Two of the country’s leading collectors of figurative realist paintings have donated $12 million in artworks and cash to help create a new wing at the Muskegon Museum of Art (MMA) where they are dedicating space for artwork by women. Fewer than five museums in the world dedicate space solely to the work of women artists.
More than 150 paintings by women artists were given to the Michigan museum by art collectors and champions of gender equality, Steven Alan Bennett and Dr. Elaine Melotti Schmidt, of San Antonio. Their donation also includes a $1.5 million cash gift, which will help create a new wing to more than double the size of the museum.
“From the moment we commenced collecting, we were concerned that women artists were not being treated equally with men,” said Bennett. “They have fewer shows; they have fewer pieces in museums’ permanent collections; and their works have almost universally sold for less than those of men. We have seen our Collection as a way to right some of these wrongs and are delighted that the Muskegon Museum of Art is joining us to ensure that the effort continues long into the future.”
The project is expected to be completed in early 2024.
Bennett and Schmidt have collected figurative realist paintings by women artists since 2009 creating The Bennett Collection, and in 2018 established The Bennett Prize—a $50,000 biennial award designed to propel the careers of women painters who have not yet realized full professional recognition. It is the largest art award offered solely to women painters.
The Bennett Prize is currently in its third cycle; two winners, Aneka Ingold, of Tampa and Ayana Ross, of Atlanta have been selected thus far. The call for entries for the third cycle is open through Oct. 7, 2022.
Bennett and Schmidt say their mission is to encourage women painters to take their place among the most celebrated painters, a group currently dominated by men. They also hope to expand opportunities for the public to learn more about figurative realist painting and the creative vision of talented women artists.
Over the past decade, only 11 percent of art acquired by the country’s top museums for their permanent collections was by women, according to a survey completed by the art market website ArtNet in 2019. Of the 260,470 works acquired by 26 of the top museums in the United States, less than 15% were by female artists.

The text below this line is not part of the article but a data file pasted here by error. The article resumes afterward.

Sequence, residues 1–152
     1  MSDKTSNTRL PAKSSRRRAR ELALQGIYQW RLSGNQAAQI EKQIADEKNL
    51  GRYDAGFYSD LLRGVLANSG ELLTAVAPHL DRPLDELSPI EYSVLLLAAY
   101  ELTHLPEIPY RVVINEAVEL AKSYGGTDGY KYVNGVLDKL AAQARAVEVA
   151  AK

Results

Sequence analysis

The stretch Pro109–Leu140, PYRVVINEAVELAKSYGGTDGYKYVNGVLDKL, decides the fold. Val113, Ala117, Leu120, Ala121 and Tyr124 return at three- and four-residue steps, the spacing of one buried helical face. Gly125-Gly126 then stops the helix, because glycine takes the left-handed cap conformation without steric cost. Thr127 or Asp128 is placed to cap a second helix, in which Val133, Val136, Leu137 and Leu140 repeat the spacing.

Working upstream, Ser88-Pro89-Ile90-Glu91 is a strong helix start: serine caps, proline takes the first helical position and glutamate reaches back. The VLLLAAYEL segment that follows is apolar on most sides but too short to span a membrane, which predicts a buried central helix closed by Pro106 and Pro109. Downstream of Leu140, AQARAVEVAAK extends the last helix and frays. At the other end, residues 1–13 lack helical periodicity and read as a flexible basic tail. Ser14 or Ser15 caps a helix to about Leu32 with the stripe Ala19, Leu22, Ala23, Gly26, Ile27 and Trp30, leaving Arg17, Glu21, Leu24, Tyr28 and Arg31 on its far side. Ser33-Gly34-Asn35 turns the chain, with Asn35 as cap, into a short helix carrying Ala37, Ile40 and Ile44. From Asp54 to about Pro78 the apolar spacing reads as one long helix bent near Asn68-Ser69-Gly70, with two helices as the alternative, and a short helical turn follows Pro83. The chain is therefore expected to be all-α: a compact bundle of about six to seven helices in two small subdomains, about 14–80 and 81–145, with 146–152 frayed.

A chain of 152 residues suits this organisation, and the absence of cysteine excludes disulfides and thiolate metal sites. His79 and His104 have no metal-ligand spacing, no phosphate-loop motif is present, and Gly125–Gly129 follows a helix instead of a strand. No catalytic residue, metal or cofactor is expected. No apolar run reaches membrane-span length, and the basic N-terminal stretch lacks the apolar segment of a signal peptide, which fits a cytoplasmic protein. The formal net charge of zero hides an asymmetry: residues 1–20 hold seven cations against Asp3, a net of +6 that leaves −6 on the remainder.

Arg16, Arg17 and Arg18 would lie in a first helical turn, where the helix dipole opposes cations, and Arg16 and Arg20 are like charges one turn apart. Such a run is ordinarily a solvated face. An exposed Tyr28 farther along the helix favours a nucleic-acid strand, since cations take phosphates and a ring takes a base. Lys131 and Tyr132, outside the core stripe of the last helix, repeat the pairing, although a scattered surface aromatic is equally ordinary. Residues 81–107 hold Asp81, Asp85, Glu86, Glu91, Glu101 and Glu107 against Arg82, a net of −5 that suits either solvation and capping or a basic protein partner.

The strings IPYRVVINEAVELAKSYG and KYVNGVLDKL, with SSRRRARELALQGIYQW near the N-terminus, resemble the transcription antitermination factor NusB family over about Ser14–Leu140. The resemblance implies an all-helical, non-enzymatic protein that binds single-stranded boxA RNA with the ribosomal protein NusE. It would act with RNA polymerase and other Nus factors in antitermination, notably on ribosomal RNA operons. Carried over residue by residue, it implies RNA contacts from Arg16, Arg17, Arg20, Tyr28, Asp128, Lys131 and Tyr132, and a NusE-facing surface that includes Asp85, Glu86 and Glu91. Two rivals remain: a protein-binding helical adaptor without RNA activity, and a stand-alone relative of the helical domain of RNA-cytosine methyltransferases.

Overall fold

The Muskegon Museum of Art opened in 1912 and houses over 5,000 pieces in its collection. With the $11.2 million expansion, the museum will more than double in size, adding three new rotating galleries, two classrooms, rooftop terrace, museum store, connecting and support space and public plaza. Bennett and Schmidt’s cash gift of $1.5 million joins $9.6 million in gifts from other lead donors including $1 million from the Van Kampen Boyer Molinari Foundation, $1 million from the City of Muskegon, $500,000 each from Carol R. Folkert & Family, The Hilt Foundation, Patrick O’Leary Foundation, Brad & Kathleen Playford, Shape Corporation, and Mrs. Shaw Walker. About 250 additional gifts total $11.1 million raised to date.
Paintings donated from The Bennett Collection include works by more than 115 artists, including Artemisia Gentileschi, Mary Cassatt, Agnes Martin, Elaine de Kooning, Harmonia Rosales, Julie Bell, Andrea Kowch, Katie O’Hagan and dozens of others representing contemporary and historical women figurative realist painters.
“This is a transformative and once-in-a-lifetime gift,” said MMA Executive Director Kirk Hallman. “In the context of an expansion project, it is all the more redefining. The MMA has been honored to partner with and host The Bennett Prize. Steven and Elaine’s vision is one shared by the MMA. This relationship has helped to elevate this art museum to a national scale. Not only is this gifted artwork, it adds an entirely new dimension and balance to our already impressive collection. In addition, the Bennett-Schmidt gift is a call to action institutionally, encouraging both the Muskegon Museum of Art and other museums to continually expand opportunities for women artists.”
“The artwork being donated to the Muskegon Museum of Art catapults them into the forefront of progressive museums that recognize the primacy and power of the work of women painters,” said Bennett. “What has been an exceptionally good collection will now be augmented with many powerful works by women that span the generations. The people of Muskegon will be the beneficiaries, and their Museum will be able to present a much broader picture of the contributions that painters have made to our understanding of culture, history and ourselves.”
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